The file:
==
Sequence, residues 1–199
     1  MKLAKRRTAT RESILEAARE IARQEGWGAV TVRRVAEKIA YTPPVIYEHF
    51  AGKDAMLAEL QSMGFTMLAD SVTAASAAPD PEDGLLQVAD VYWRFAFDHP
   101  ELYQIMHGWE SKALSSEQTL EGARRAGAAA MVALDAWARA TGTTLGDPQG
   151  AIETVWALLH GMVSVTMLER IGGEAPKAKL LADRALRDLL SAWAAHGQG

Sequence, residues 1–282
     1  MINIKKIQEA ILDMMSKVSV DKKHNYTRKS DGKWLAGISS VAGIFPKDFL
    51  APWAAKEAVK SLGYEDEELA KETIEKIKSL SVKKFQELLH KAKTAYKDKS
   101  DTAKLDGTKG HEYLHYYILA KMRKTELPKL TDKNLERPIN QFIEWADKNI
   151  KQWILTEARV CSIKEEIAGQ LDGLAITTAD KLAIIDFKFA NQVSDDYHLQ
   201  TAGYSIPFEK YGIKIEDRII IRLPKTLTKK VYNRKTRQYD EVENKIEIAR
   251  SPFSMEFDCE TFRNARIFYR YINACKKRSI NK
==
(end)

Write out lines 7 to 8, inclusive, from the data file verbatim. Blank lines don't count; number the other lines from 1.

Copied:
     1  MINIKKIQEA ILDMMSKVSV DKKHNYTRKS DGKWLAGISS VAGIFPKDFL
    51  APWAAKEAVK SLGYEDEELA KETIEKIKSL SVKKFQELLH KAKTAYKDKS